Representatives of federal enforcement and regulatory agencies, including the Consumer Financial Protection Bureau (CFPB), Department of Justice (DOJ), Federal Trade Commission (FTC) and the Equal Employment Opportunity Commission (EEOC) are warning that the emergence of artificial intelligence (AI) technology do not give license to break existing laws pertaining to civil rights, fair competition, consumer protection and equal opportunity.
In a joint statement, the Civil Rights Division of the DOJ, CFPB, FTC, and EEOC outlined a commitment to enforcement of existing laws and regulations despite a lack of regulatory oversight currently in place regarding emerging AI technologies.
“Private and public entities use these [emerging A.I.] systems to make critical decisions that impact individuals’ rights and opportunities, including fair and equal access to a job, housing, credit opportunities, and other goods and services,” the joint statement notes. “These automated systems are often advertised as providing insights and breakthroughs, increasing efficiencies and cost-savings, and modernizing existing practices. Although many of these tools offer the promise of advancement, their use also has the potential to perpetuate unlawful bias, automate unlawful discrimination, and produce other harmful outcomes.”
Potentially discriminatory outcomes in the CFPB’s areas of focus are a chief concern, according to Rohit Chopra, the agency’s director.
“Technology marketed as AI has spread to every corner of the economy, and regulators need to stay ahead of its growth to prevent discriminatory outcomes that threaten families’ financial stability,” Chopra said. “Today’s joint statement makes it clear that the CFPB will work with its partner enforcement agencies to root out discrimination caused by any tool or system that enables unlawful decision making.”
These agencies have all had to address the rise of AI recently.
Last year, the CFPB published a circular confirming that consumer protection laws remain in place for its covered industries — regardless of the technology being used to serve consumers.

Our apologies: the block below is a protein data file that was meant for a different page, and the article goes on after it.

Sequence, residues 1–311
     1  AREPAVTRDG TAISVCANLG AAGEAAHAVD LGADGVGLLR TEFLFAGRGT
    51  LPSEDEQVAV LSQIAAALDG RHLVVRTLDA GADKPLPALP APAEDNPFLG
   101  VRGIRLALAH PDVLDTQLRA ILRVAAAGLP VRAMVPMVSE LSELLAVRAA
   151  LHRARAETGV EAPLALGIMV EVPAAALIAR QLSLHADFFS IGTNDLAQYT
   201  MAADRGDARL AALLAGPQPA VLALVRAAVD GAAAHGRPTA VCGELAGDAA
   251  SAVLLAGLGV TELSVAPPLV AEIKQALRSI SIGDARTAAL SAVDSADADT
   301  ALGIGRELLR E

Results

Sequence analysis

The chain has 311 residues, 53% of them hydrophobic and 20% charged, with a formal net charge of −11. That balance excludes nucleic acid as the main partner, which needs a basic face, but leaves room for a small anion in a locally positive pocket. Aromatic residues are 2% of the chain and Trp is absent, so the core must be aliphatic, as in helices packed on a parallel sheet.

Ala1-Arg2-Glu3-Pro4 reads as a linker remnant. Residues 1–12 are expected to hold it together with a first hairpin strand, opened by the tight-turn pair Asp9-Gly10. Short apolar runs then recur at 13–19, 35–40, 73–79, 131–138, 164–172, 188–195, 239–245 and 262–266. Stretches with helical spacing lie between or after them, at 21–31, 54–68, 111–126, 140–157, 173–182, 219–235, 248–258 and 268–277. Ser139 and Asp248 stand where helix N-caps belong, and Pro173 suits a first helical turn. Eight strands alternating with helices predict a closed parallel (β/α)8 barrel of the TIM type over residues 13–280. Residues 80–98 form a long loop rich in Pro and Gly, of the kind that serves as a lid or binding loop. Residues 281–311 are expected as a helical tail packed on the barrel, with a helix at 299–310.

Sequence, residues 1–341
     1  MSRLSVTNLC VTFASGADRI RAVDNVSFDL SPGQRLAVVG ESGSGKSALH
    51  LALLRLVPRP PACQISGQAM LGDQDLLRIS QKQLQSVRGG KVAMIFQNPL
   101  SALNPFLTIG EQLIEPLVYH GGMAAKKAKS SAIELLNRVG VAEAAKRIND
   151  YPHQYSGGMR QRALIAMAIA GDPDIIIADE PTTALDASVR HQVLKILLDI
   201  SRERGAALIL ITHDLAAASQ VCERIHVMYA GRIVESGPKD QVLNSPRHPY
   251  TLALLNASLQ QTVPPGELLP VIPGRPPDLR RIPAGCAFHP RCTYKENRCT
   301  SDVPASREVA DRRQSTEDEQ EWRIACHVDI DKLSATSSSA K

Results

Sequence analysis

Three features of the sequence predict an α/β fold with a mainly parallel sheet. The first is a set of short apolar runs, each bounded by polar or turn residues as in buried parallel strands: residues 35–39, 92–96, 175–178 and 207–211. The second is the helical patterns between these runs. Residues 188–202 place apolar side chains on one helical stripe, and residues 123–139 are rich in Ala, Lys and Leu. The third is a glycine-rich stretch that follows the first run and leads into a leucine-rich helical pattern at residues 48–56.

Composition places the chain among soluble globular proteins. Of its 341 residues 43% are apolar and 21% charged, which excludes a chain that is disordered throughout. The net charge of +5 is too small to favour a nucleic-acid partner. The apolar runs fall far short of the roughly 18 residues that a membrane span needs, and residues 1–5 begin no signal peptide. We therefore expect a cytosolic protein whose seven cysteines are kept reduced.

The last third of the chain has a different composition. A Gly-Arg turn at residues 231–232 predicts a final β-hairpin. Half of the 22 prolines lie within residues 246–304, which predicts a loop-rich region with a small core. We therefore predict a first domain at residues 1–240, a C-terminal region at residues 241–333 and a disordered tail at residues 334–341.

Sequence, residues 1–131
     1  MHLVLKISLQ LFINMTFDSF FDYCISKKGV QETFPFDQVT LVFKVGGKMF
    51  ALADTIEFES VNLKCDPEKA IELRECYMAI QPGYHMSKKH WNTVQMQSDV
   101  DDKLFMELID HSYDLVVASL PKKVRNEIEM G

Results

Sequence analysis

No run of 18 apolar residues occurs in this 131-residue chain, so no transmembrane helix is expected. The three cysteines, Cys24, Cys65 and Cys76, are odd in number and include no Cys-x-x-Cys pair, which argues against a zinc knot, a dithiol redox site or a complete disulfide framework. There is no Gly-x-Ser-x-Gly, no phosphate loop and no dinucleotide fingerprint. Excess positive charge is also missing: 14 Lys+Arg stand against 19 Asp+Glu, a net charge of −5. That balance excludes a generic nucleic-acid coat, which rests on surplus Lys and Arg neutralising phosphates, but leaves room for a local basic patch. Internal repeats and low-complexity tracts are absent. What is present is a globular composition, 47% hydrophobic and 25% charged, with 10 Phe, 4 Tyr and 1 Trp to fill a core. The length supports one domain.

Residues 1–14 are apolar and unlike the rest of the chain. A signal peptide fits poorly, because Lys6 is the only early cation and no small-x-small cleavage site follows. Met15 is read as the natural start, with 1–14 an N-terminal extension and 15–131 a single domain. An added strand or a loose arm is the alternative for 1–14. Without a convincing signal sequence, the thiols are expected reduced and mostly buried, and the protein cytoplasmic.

The DOJ’s Civil Rights division in January published a statement of interest in federal court explaining that the Fair Housing Act applies to algorithm-based tenant screening services after a lawsuit in Massachusetts alleged that the use of an algorithm-based scoring system to screen tenants discriminated against Black and Hispanic rental applicants.
Last year, the EEOC published a technical assistance document that detailed how the Americans with Disabilities Act (ADA) applies to the use of software and algorithms, including AI, to make employment-related decisions about job applicants and employees.
The FTC published a report last June warning about harms that could come from AI platforms, including inaccuracy, bias, discrimination, and “commercial surveillance creep.”
In prepared remarks during the interagency announcement, Director Chopra cited the potential harm that could come from A.I. systems as it pertains to the mortgage space.
“While machines crunching numbers might seem capable of taking human bias out of the equation, that’s not what is happening,” Chopra said. “Findings from academic studies and news reporting raise serious questions about algorithmic bias. For example, a statistical analysis of 2 million mortgage applications found that Black families were 80% more likely to be denied by an algorithm when compared to white families with similar financial and credit backgrounds.”